Skip to main content
Open Access Publications from the University of California

UC Davis

UC Davis Previously Published Works bannerUC Davis

Response of N2O emission to manure application in field trials of agricultural soils across the globe


The response of soil nitrous oxide (N2O) emission to manure application has been widely reported for laboratory experiments. However, the in-situ effects of manure application on soil N2O emission from field trials (i.e. real-world conditions) and related mechanisms are poorly understood at the global scale. Here, we performed a meta-analysis using 262 field observations from 44 publications to assess the in-situ effects of manure application on soil N2O emission and factors regulating N2O emission (e.g., agricultural practices, manure characteristics and initial soil properties). Our analysis found that manure application significantly increased soil N2O emission in field trials. The largest N2O emissions were observed in soils from warm temperate climates, planted with upland non-leguminous crops and using raw manure. Notably, water-filled pore space (WFPS) significantly affected N2O emission; soils with 50-90% WFPS had the highest N2O emissions. Initial soil properties (e.g. pH, texture and organic carbon (C)) were generally not significant for predicting N2O emission, possibly due to changes in soil properties induced by manure additions. Manures with carbon: nitrogen ratios (C:N) of 10-15 and C contents of 100-300 g C kg-1 produced the lowest N2O emission. The net N2O emission factor (1.13%) resulting from manure application was similar to additions of synthetic N fertilizer (1.25%) and crop residues (1.06%), suggesting that manure application resulted in a similar N2O emission to other soil amendments. Our analysis provides a scientific basis for manure management options to minimize N2O emissions from animal waste disposal on agricultural lands globally.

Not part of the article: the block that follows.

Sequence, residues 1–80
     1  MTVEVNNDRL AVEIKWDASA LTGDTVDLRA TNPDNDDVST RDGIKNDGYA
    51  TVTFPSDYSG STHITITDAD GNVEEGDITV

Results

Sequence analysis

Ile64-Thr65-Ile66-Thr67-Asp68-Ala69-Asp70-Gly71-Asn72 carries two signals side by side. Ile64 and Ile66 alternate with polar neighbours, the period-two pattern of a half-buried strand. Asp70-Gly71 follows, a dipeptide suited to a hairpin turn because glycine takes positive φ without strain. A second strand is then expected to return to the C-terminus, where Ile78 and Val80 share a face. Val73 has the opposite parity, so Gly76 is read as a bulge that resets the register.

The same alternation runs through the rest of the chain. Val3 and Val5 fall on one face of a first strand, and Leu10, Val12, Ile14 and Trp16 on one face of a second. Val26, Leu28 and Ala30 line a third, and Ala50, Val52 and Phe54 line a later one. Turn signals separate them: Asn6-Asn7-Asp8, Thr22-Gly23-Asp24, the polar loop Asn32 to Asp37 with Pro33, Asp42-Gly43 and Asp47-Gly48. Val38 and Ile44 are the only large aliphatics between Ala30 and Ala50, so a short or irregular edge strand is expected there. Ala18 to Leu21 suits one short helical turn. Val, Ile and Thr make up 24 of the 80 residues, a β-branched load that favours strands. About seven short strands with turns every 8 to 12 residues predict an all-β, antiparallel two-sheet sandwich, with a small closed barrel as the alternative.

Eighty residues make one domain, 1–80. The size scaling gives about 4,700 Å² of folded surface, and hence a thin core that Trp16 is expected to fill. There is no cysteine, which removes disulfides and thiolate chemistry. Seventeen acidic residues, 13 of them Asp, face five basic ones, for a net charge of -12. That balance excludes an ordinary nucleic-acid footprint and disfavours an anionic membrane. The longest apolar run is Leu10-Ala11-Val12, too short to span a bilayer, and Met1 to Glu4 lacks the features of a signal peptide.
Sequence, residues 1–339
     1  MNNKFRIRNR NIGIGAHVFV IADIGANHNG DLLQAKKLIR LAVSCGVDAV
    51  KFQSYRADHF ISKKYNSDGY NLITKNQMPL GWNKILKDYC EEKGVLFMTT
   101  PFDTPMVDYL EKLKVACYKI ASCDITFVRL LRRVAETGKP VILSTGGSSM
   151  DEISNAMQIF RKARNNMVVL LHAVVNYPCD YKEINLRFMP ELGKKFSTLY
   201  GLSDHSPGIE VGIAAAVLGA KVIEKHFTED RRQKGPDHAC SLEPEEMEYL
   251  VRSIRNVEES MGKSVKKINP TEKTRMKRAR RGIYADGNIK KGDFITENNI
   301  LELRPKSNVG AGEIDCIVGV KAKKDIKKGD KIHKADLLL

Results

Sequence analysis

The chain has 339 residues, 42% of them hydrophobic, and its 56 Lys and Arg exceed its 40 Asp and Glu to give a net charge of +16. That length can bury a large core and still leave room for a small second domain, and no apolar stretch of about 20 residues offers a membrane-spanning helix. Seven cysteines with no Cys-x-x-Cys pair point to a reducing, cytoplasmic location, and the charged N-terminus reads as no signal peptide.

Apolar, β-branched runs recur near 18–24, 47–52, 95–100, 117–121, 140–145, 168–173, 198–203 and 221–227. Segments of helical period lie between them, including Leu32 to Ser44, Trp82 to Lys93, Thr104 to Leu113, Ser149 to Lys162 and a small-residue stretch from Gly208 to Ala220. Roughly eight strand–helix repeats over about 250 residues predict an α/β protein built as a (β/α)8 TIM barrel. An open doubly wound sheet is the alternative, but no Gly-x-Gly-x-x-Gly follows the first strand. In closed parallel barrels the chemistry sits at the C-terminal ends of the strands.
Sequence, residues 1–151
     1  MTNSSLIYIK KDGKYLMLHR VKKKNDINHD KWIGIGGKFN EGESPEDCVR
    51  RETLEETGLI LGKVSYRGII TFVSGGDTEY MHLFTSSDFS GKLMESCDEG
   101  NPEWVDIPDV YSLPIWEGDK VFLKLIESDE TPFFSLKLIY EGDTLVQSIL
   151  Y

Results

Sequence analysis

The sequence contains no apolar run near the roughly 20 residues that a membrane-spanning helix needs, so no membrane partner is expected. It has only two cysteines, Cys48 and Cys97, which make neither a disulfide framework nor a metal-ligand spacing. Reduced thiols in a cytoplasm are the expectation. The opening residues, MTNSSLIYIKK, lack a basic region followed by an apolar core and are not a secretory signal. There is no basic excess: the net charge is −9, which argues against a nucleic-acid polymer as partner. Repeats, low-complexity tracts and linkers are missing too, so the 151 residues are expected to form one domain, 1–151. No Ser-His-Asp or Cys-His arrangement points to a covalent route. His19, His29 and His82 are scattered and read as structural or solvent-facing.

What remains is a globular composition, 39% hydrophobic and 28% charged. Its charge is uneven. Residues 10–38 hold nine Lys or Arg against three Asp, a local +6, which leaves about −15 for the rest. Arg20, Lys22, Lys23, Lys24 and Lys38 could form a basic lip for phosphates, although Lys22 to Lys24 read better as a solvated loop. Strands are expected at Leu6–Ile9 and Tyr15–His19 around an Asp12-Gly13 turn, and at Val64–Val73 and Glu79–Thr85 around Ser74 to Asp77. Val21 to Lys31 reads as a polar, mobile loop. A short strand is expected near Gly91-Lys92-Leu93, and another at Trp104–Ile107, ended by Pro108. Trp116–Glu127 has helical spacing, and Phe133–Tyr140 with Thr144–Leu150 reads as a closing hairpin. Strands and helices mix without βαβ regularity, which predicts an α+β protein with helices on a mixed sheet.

Many UC-authored scholarly publications are freely available on this site because of the UC's open access policies. Let us know how this access is important for you.

Main Content
For improved accessibility of PDF content, download the file to your device.
Current View